Beitbridge - Bulawayo - Chegutu - Chinhoyi -
Chiredzi - Gweru - Harare - Hwange - Kadoma - Kwekwe - Marondera - Mashava -
Masvingo - Mutare - Zvishavane
30 MAY 2003
Busier than ever - but the team remains determined
and positive. Sadly, a rather disturbing development
during the more recent rescues has been a lack of co-operation from the ZRP.
Meryl has assessed that because most of the rescues at present involve farms
which have been taken over by MPs, 'chefs' and other senior party
officials, there is a decided reluctance on the part of the police to get
Herewith are details of some of the cases dealt
with by Meryl and her team during April and May (usually without police
The ZNSPCA were tipped off about dogs that had
been abandoned on a farm in the Ruwa area after the owner had left the country.
The team found 3 black Labradors in very poor and malnourished condition despite
a worker claiming that he was 'looking after them'. The female which had badly
deformed legs (a birth defect) was removed and euthanased as she would have been
difficult to rehome. The two males are being cared for and will be
A call was received from a farmer's wife from the
Mazoe area. The family were evicted from their farm in September last year but
the farmer had continued farming by going to the farm daily. A few weeks ago,
the farmer suddenly found himself barricaded in by the resident war vet and he
was held hostage for several hours. He was finally released and told never to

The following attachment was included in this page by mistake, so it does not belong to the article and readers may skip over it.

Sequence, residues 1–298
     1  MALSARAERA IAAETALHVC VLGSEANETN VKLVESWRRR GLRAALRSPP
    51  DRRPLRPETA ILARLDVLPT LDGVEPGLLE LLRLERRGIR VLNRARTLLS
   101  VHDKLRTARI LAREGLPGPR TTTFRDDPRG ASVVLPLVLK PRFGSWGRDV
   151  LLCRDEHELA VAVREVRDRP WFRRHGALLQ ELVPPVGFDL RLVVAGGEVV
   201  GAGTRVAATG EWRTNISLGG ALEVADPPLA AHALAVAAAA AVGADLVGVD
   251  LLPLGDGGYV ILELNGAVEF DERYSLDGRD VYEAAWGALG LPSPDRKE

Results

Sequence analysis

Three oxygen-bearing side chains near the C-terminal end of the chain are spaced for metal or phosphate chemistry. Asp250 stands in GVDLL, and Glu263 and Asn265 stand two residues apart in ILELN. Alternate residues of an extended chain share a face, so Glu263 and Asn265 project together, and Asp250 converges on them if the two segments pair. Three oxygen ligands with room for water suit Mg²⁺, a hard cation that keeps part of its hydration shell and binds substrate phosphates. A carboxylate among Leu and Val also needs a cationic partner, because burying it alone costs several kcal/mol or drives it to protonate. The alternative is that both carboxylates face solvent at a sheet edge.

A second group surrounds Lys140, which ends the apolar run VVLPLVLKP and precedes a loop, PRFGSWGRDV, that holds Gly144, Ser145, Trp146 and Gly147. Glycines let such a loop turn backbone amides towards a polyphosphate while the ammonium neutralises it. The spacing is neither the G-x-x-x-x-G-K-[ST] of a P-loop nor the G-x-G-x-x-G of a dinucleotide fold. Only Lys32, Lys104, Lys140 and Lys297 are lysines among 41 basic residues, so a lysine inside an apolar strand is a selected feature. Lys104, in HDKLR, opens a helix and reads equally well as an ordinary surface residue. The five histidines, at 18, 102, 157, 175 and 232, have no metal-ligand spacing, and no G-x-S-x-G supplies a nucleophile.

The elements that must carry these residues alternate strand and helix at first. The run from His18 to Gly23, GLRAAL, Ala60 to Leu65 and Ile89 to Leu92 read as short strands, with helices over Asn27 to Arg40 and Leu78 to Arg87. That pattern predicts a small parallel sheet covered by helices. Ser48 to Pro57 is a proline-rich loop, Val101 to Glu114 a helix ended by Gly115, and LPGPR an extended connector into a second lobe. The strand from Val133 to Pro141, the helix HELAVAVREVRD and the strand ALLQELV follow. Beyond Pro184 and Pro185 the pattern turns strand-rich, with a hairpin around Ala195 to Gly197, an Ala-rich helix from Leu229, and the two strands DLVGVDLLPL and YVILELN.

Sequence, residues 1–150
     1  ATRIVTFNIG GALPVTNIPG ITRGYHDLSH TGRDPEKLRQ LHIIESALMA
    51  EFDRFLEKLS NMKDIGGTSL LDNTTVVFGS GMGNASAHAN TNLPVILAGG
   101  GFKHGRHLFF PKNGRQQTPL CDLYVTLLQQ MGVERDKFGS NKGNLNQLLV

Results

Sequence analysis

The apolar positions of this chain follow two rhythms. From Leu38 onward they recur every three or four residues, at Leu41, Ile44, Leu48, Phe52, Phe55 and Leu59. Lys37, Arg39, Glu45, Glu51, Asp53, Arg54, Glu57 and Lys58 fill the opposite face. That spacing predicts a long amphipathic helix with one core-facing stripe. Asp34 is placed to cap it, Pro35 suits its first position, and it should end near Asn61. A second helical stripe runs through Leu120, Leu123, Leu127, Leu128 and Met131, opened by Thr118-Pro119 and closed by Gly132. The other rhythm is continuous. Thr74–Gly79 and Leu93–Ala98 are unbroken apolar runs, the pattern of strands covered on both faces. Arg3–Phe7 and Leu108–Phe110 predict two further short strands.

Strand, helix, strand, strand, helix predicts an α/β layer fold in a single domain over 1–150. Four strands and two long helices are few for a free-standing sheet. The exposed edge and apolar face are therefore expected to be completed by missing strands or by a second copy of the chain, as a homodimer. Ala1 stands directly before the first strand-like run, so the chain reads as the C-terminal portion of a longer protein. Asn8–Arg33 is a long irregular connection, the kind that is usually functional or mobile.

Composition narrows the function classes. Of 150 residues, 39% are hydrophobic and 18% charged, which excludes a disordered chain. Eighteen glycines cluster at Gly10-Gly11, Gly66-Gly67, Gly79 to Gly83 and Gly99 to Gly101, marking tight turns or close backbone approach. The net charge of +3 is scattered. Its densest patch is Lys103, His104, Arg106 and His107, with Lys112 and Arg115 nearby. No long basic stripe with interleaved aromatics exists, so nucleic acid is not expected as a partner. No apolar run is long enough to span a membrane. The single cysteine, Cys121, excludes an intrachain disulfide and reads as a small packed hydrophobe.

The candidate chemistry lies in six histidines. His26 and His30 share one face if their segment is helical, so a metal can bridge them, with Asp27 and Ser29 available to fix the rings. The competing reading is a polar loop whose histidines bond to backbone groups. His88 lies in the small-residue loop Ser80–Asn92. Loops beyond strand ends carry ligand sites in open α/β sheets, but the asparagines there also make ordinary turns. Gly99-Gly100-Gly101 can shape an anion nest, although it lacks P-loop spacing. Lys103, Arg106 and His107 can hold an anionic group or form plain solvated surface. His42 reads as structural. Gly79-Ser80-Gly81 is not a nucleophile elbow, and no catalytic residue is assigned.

return. The farmer's wife asked Meryl if she could uplift their Siamese cat and
have him euthanased as they would have to leave the country.
Meryl and the new ZNSPCA vet assistant, Erick
Samva, went to the farm in the morning in order to avoid the war vet who is
usually only present in the afternoon. One of the workers opened the gate and
the team found that the homestead was deserted apart from a few remaining looted
goods on the lawn and a truck full of looted timber which had been abandoned as
the truck would not start. The other workers on the farm told the team that
they had all lost their jobs since the farmer had been evicted and they did not
know where to go.
Meryl found a beautiful long-haired Siamese lying
on the verandah - painfully thin but purring loudly and obviously pleased to see
her. As the owners had requested he be PTS, they decided to save him the trauma
of taking him from his life-long home, the long trip and noise and smells of the
kennels. In Meryl's own words "we drove a short distance and parked in the
shade of some gum trees. I held him in my arms as Erick slipped the needle into